Trials Fusion

The deservedly popular stunt bike franchise gets an adrenaline-fuelled boost


Like an expensive dirtbike, Trials games are more refined than they first seem. On the surface, they look like (and are) 2D racing games with basic controls. You can’t turn, but you can control the speed of your bike, and lean the biker’s body weight forward or back.

These controls seem simple, but have lots of nuance. As every biker knows, how you lean can determine your velocity, balance and safety. So the tiniest tilt could have you hurtling to your doom, while tweaking your position ever so slightly could lead to a triumphant finale.

Trials Fusion has a futuristic sheen, but thankfully still maintains the series’ slapstick sense of humour. This time the courses are more bizarre and sophisticated, including catapults, trapdoors and floors that move in and out of the biker’s path. The rider’s shrieks of terror and brays of joy contrast with the precise, calm, instructors’ voices.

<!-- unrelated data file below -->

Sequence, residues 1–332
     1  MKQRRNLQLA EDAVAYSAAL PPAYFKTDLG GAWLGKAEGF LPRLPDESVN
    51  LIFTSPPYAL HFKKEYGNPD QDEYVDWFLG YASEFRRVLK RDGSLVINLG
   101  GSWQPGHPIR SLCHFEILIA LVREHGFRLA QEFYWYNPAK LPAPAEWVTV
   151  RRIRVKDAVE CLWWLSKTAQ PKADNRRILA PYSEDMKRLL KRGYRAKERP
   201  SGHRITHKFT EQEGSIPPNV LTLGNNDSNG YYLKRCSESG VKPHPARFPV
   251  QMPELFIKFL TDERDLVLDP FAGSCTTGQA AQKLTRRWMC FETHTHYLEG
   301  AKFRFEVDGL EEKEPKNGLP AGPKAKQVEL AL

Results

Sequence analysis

Should you want to, you can compare your performance with those of online strangers. I didn’t. But to be fair, “Track Central” is a treat: Gamers can craft and share their own tracks, so there are literally thousands of ways you can test the laws of physics and the limits of your bike.

While it’s still a relatively low-fi franchise, Trials Fusion is the best looking in the series so far. The shiny cityscapes, the harsh, varied weather conditions and the vertigo-inducing animation are attractive and colourful.

Trials Fusion is a familiar retreading of its addictive formula, with some welcome tweaks. The setting has given the franchise a shot in the arm; though I don’t share the developers’ opinion that dubstep is the music of the future.